Time overdue for Russia to enter the EU
Associate since 1991
Comments directly to
June 23, 2011
Can the spirit of the growing meeting of the minds of presidents Barack Obama and Dmitri Medvedev, clearly on view yesterday when Medvedev said he wanted Obama to be re-elected, now be carried over into Russia's relationship with Europe? In many ways it is easier for the U.S. to make a big peace with Russia than it is for Europe. There has never been any territorial issue between the two whereas Russia has fought major wars with France, Britain, Sweden, Finland and Germany.
Is it at last possible, twenty years after the fall of communism, for contemporary Europe to finally respond to Mikhail Gorbachev's plea to build a “common European house”?
This is the European Union’s call. America will want to be privy to the content of the discussions, but Washington knows that in this case what Europe decides it wants it cannot obstruct. Nor does it have any real reason to interfere.
Is Russia a European or Asiatic nation? It is a question that has been debated for 500 years at least. The nineteenth century Slavophil, Nikolay Danilevskiy argued that Russia possesses an instinctive Slavic civilisation of its own - midway between Europe and Asia. Yet Dostoevsky, speaking at a meeting at the unveiling of a statute to the poet Pushkin, said, “Peoples of Europe, they don't know how dear to us they are.” If this is the predominant mood among Russian intellectuals today they still have to contend with the nationalism - and Slavism - of the rump Communist party and those powerful voices in the army, and even the foreign ministry, who fear a loss of independence if Russia is swallowed up in a greater Europe.
Seventy years of totalitarian communism, following on the autocracy of the tsars, as Norman Davies writes in his monumental history of Europe “has built huge mental as well as physical curtains across Europe.” It was Churchill who called the Bolsheviks “a baboonery”, steeped in the deadly traditions of Attila and Genghis Khan. Yet Lenin and his circle assumed that one day they would join up with revolutionaries in the advanced capitalist countries. The Comintern in the early 1920s discussed the idea of a United States of Europe. It wasn't the Bolsheviks but Stalin who pointed Russia eastwards.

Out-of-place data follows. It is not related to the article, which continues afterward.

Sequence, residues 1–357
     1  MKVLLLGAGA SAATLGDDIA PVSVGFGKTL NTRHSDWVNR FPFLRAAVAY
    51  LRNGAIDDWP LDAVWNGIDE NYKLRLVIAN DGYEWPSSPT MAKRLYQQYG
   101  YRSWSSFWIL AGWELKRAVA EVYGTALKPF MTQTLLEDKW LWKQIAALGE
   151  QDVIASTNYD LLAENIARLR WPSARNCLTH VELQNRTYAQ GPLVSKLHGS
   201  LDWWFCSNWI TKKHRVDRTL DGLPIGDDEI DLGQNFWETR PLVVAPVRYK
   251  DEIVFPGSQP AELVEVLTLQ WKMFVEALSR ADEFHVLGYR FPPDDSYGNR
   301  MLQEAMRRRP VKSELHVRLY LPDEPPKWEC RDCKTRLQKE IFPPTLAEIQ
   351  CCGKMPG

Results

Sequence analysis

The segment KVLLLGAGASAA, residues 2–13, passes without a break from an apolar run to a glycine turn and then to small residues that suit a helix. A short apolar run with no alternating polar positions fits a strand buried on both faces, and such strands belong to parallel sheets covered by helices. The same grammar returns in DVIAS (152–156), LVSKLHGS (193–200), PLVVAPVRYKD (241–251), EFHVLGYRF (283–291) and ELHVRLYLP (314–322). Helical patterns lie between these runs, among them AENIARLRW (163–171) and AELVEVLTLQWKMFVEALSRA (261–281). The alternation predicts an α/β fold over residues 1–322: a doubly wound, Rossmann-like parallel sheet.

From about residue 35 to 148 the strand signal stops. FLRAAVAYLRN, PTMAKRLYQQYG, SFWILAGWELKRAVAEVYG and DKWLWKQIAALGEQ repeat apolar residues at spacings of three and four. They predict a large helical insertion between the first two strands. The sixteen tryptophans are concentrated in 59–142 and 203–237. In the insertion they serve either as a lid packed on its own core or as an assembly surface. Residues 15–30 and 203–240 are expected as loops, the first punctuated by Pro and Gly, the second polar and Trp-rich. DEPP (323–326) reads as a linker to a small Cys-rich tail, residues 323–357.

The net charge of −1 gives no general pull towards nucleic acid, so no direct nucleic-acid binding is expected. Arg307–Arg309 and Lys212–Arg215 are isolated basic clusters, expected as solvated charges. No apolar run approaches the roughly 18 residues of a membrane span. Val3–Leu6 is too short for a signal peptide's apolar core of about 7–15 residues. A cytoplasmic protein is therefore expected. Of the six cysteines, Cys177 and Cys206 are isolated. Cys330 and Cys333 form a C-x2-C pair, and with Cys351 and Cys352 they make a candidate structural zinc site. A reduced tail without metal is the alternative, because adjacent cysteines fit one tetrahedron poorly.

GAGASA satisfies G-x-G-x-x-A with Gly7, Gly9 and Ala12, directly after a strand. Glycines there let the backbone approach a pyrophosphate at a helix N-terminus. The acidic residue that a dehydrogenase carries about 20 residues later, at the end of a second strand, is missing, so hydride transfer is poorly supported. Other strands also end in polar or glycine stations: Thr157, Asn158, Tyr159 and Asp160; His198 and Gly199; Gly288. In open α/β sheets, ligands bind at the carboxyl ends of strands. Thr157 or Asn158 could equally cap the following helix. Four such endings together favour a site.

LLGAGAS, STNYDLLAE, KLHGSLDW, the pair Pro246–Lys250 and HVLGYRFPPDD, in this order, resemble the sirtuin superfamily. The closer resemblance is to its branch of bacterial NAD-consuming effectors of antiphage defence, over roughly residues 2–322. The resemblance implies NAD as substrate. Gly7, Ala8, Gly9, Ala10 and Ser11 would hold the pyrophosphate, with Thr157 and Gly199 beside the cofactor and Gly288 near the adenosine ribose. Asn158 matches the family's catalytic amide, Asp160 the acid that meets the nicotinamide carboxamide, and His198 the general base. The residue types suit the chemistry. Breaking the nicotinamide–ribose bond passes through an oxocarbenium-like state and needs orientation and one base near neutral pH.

In today's liberated Russia the European heart beats fast. The roots go deep. Muscovy has been an integral part of Christendom since the tenth century. In the late imperial era it was not just Dostoevsky and Pushkin who wrote in the European tradition, but Lermontov, Tolstoy and Chekhov, giants then whom the passage of time has not demoted. Russian music, so eminently of European pedigree, with Mussorgsky, Tchaikovsky and Rimsky-Korsakov rivalled anything that came out of nineteenth century Germany, Austria and Italy. The Ballet Russes and the Stanislavsky Theatre School were the leaders in Europe. Even Stalin chose not to squash this inheritance, although he sought to control its legacy and energy in his own ruthless manner.
Russia has now found with America that it has been able to fashion a common alliance - against terrorism, for nuclear disarmament, against nuclear proliferation to unstable countries and perhaps even a quiet, unprovocative, containment of the growing might of China. The agenda with Europe is more demanding, but its rewards will be much more long-lasting.
If discussions on the future membership of Russia in the EU began now it would take at least ten years and probably twenty to bring to the point of consummation. Russia still has too much corruption, misadministration, and lack of widespread democratisation, not to mention seriously inadequate legal institutions for it to be a quick process. But, as with Turkey today, the carrot of future entry can prove to be a good stick for beating the system into shape.
Europe itself has to decide how much it wants this. It has within its power the opportunity to anchor Russia firmly within Europe, to cut off for all time the Russian temptation to look inward and to downplay its respect for democracy and human rights. Without Russia welcome in Europe it leaves the Russian psyche dangerously exposed- insecure, exiled from its natural centre of gravity and horribly free to roll around the deck like the proverbial loose cannon.
Yet for some Europeans there will be a price that goes beyond the usual debate on Airbus subsidies, agricultural policy and Greek debt. It is to give up the vision of a united federal Europe, under one parliament and one president. With Russia a member, clearly it could not work- Russia is just too big. Yet Europe would still gain more than it ever dared aspire to – a continent-wide union of its member states and the stabilization of this great centre of civilization that has spent too much of its history at war with itself, much more than any other part of the world.
Copyright © 2011 Jonathan
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